Hong Kong: Asian stocks fell for a fourth straight session on Friday, driven by expectations of tighter financial regulation ahead of the weekend G-20 meeting and uncertainty about the global economic recovery.
Part of the weakness in Asia was attributable to profit-taking after a powerful rally in risky assets on Monday on the back of China’s decision to unpeg the yuan.
However, differences among Group of 20 leaders ahead of a summit in Toronto over how to secure the economic recovery caused investor concern, particularly with leading indicators reflecting a slowdown ahead.
“The fundamental backdrop has not significantly changed of late, which could mean risk aversion persists as we finish the first half of the year,” Gareth Berry, currency strategist with UBS in Singapore, said in note.
“Risk sentiment could remain unstable as investors may be increasingly worried on growth prospects in the US, which could weigh on demand conditions for commodities and equities in turn.”
Japan’s Nikkei share average led equity market declines in Asia, falling 1.9% to close below its 25-day moving average in what was seen as a negative short-term signal for Japanese stocks.
Fresh signs of weakness in US consumer spending that have raised concerns about the outlook for corporate earnings sparked much of the selling.
“The feeling in the market really isn’t very good right now, and if we don’t get something encouraging out of the G-20 summit we could see more falls next week,” said Noritsugu Hirakawa, a strategist at Okasan Securities.
“With the G-20 summit going on it’s very hard to buy, and the yen’s gains are adding some downward pressure.”
Shares of Mizuho Financial Group hit a seven-month low after sources told Reuters the bank will decide on Friday to sell up to 6 billion new shares in a planned global offering, increasing the total number of shares outstanding by up to 38%.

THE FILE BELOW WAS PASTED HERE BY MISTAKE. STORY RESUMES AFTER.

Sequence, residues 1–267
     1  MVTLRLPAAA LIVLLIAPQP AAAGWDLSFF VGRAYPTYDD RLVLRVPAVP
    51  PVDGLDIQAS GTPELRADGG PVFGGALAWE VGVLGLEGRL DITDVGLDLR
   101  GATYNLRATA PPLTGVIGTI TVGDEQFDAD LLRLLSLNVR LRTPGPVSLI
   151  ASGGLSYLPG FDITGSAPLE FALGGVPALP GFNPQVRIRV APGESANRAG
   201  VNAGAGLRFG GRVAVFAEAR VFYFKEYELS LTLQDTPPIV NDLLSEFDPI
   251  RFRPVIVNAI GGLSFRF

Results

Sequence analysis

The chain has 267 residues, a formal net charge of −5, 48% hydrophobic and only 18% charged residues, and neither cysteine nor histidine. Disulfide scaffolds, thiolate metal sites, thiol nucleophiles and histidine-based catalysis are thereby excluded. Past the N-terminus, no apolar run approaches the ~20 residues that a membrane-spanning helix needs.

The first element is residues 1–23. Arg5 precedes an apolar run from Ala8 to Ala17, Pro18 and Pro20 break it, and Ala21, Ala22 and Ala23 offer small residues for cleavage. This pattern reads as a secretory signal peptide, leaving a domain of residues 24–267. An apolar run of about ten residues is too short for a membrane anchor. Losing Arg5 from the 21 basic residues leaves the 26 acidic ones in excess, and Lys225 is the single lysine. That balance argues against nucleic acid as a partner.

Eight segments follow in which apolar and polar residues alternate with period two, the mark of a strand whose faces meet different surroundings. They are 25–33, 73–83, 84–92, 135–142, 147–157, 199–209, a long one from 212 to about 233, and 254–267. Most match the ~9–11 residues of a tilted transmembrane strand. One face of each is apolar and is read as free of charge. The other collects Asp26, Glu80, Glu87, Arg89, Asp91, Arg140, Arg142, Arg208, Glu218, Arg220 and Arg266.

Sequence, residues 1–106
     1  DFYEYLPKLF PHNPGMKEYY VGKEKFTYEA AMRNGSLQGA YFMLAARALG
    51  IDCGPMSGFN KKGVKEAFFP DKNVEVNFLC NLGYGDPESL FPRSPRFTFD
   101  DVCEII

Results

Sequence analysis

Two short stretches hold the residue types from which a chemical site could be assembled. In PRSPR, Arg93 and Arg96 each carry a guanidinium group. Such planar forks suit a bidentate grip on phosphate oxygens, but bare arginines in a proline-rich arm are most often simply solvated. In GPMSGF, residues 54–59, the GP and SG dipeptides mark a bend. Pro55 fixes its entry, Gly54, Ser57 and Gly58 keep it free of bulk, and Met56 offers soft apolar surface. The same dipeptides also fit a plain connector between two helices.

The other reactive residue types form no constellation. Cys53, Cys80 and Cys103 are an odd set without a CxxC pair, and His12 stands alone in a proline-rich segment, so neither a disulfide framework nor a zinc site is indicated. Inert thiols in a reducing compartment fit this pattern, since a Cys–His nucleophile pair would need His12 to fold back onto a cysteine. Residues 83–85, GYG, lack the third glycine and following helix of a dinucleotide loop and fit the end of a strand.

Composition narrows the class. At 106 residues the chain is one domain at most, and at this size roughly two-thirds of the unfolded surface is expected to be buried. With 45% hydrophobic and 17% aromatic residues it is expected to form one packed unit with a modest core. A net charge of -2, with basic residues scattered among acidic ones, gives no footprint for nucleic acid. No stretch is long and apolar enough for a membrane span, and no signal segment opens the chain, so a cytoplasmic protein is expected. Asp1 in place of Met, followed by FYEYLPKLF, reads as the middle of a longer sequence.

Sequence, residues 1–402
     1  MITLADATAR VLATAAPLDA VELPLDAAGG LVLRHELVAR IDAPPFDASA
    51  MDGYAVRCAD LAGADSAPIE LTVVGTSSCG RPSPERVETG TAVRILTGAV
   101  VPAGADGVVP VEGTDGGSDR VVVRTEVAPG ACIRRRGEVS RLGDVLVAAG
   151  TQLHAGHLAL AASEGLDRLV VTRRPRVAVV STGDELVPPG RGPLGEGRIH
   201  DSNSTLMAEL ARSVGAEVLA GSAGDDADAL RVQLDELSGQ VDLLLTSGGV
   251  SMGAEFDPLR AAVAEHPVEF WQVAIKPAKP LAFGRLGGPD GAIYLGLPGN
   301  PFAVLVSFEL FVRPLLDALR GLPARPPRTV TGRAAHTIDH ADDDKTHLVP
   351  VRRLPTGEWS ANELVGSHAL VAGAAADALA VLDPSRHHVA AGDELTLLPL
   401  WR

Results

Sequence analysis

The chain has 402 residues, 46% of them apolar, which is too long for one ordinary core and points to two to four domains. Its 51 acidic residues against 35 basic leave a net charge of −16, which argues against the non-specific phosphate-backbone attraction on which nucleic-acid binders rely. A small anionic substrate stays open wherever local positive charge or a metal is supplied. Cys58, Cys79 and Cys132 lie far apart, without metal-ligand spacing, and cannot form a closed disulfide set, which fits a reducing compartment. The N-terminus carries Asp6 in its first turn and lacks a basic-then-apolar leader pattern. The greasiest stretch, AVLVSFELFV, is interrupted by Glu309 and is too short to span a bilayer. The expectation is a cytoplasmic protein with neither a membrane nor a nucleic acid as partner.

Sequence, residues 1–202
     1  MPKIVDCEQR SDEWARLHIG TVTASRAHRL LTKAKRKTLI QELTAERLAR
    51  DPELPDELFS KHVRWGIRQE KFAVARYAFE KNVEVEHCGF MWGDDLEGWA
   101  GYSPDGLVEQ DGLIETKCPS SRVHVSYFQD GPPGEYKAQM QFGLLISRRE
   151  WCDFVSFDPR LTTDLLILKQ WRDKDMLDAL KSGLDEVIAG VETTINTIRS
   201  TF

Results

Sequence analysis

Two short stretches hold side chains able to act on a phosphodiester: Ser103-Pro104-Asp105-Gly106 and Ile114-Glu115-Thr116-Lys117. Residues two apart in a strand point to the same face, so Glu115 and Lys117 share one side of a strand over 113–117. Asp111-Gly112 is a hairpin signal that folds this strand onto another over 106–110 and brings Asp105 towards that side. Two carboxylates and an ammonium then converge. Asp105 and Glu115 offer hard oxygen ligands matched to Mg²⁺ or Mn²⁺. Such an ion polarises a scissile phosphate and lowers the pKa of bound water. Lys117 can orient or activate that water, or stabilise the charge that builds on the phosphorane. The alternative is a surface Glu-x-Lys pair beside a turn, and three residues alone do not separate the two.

Index heavyweights such as Fanuc and Canon saw their shares drop more than 4%.
The MSCI index of Asia Pacific shares outside Japan fell about 1.4%, dragged down the most by technology and resource-related sectors.
Australian shares fell 1.5% to a two-week low as concerns over the global economy resurfaced and investors turned edgy over the mining tax.
Mining firms had received a fillip on Thursday from hopes that Australia’s new prime minister Julia Gillard would offer a more conciliatory approach on the 40% super profits tax, but there was little new information on Friday on negotiations.
“The leads from overseas was weak and the market hates the uncertainty over the mining tax. Having said that we certainly did not see a level of panic,” said Benn Potter an analyst at IG Markets.
For 2010, a Reuters survey found Australian shares are expected to post a gain of just under 5% as investors remain jittery about prospects for global growth and haggling about the mining tax weighs on the mining sector.
Shanghai stocks fell more than half a percent, its third drop in a row.
With the imminent mammoth initial public offering by Agricultural Bank of China threatening to further weigh on the market in coming days, some analysts said they did not expect a strong rebound in stock prices any time soon.
However, the Shanghai Composite Index was up 1.6% for the week, its best week for the month as shares clinged on to gains made earlier in the week when China relaxed its grip over the yuan in a landmark move.
Hong Kong stocks edged down 0.2%.
Taiwan stocks fell 1.5%, pulled down by property and construction stocks after the island’s central bank unexpectedly raised interest rates and strengthened oversight of the mortgage market.
South Korean shares fell more than half a percent as renewed concern about the global economy weighed on issues sensitive to economic cycles such as technology and steelmakers, but life insurers such as Samsung Life advanced.
Indian stocks lost 0.9%, while Singapore shares edged up 0.1%.
The yen rose broadly and stayed near a 1-month high against the dollar on short covering and as falls in regional share markets prompted traders to further sell risky currencies such as the Australian dollar.
The euro and Australian dollar fell against the greenback on investor doubts about the strength of a global recovery, and were also dragged lower by their weakness against the yen.
Gold was softer, but analysts expect the precious metal to be buoyed by investors looking for refuge from financial market uncertainty and concerns about currency depreciation.
Crude slipped toward $76 a barrel, mainly depressed by ample supply but underpinned by a Caribbean storm which might move towards the Gulf of Mexico, where oil facilities are clustered and BP continues to fight an oil spill.